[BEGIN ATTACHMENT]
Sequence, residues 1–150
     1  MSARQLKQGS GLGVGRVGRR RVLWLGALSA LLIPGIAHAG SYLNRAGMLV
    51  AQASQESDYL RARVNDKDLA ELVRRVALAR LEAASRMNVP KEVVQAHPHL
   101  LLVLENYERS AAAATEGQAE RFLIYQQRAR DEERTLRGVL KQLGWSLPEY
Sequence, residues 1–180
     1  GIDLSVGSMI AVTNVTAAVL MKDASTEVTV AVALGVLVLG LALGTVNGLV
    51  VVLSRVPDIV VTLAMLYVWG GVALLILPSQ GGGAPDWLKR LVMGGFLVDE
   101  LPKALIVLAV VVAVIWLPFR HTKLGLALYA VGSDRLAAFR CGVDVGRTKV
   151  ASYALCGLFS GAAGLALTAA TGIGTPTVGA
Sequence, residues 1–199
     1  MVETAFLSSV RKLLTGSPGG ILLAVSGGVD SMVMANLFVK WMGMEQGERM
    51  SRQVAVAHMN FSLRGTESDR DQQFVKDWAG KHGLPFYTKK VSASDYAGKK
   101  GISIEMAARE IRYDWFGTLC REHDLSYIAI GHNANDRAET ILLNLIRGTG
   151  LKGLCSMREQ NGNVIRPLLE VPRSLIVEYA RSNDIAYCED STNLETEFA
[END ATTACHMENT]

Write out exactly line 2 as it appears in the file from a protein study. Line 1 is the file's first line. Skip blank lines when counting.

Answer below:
     1  MSARQLKQGS GLGVGRVGRR RVLWLGALSA LLIPGIAHAG SYLNRAGMLV